As Chic’s Nile Rodgers would make clear in his autobiography Le Freak, without Roxy Music there would almost have certainly been no Chic. And without Nile Rodgers and Bernard Edwards to write and produce it for her, Diana Ross wouldn’t have been enjoying her biggest hit in almost a decade with ‘Upside Down’, which had just been released. Chic were enjoying a run of imperial dominance which didn’t just stop at their own records. They had turbocharged the hitherto modest fortunes of Sister Sledge by writing and producing 1979’s We Are Family album for them. The method they used for Sister Sledge and Diana Ross was identical to the one which had made Chic such a huge success. The Sister Sledge album was a testing ground of sorts – proof that the Chic formula could be wholly transplanted to another artist. By the time Rodgers and Edwards were introduced to Diana Ross, they had earned the right to face their heroine and effectively hire her as Chic’s star vocalist for an album. ‘Upside Down’ was Chic through and through – opulent melancholy from the heart to the hip and back again. Diana Ross might have hated the song – at least she voiced grave doubts about it until it raced up the charts on both sides of the Atlantic – but she still managed to deliver a vocal turn which was freighted with all the embattled nobility that the song required. For a song about being hostage to the emotions you feel for an unworthy recipient, nothing less was needed.

As a Chic single in all but name, ‘Upside Down’ felt familiar from the off. By contrast, the outergalactic otherness of David Bowie’s return to action ensured that there was nothing stylistically familiar about it – a fact that prompted Smash Hits reviewer Deanne Pearson to confidently declare that it was ‘not a hit’. Its total ubiquity in this of all weeks was uncanny. I don’t know what the grown-ups were getting out of it. But I can tell you this. If you tune into Top of the Pops, aged eleven, while your father is at work and your mother is lying in a hospital bed and unable to move for fear of aggravating the incision across the middle of her body, ‘Ashes to Ashes’ sounds overwhelming. Not upsetting, you understand. ‘Ashes to Ashes’ didn’t make what was happening to my mum any sadder. It was more that my mum’s situation somehow authenticated the sentiments of the song. Furthermore, Bowie’s vocal seemed to come from a place near the edge of life itself. Either awakening from a period of unconsciousness or about to enter one. Over time, I would come to realise that his ability to refract unspeakable, unknowable peril through the prism of melody was unsurpassable. It was there in ‘Five Years’, ‘The Man Who Sold the World’ and ‘Life on Mars?’. By the time he released Blackstar, knowing that he had weeks to live, it didn’t occur to anyone that Bowie might, this time, actually be writing about his own death. In the right hands, the chasm between knowing exactly what awaits us and not knowing at all what awaits us can be turned into a gallery space. Bowie had created such extraordinary work in that space, we didn’t imagine that, this time, he was facing that abyss for real. With ‘Ashes to Ashes’, Bowie explained that he was trying to write a nursery-rhyme requiem to the 1970s and, indeed, to childhood itself – a song that made children and adults in 1980 feel the way he had done when he first heard ‘Inchworm’, performed by Danny Kaye in the 1952 film Hans Christian Andersen. ‘There’s a child’s nursery rhyme element in it,’ he told Performing Songwriter magazine in 2003, ‘and there’s something so sad and mournful and poignant about it. It kept bringing me back to the feelings of those pure thoughts of sadness that you have as a child, and how they’re so identifiable even when you’re an adult. There’s a connection that can be made between being a somewhat lost five-year-old and feeling a little abandoned and having the same feeling when you’re in your twenties.’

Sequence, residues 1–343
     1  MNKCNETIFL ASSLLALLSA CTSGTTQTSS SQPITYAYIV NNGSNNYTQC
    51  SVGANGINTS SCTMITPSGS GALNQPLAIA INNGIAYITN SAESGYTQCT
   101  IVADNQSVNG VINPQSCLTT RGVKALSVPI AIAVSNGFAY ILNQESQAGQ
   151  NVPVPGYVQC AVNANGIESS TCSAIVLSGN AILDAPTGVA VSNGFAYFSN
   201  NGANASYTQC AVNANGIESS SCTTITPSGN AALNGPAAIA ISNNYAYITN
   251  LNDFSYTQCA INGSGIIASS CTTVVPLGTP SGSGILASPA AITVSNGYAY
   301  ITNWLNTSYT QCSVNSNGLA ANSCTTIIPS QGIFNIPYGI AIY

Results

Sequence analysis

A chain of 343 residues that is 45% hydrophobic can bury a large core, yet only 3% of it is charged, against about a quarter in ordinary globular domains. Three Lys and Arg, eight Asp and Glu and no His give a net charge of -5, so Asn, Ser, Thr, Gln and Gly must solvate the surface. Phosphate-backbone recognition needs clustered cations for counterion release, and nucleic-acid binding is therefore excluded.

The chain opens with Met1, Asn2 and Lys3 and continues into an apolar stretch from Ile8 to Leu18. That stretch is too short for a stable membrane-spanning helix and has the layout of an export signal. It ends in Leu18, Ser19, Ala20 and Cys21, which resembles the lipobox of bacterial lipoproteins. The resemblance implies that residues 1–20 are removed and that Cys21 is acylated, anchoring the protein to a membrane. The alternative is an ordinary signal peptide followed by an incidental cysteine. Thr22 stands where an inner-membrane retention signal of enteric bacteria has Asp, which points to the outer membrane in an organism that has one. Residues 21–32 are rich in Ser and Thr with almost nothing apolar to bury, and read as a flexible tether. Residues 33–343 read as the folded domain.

Broken Greek by Pete Paphides is published by Quercus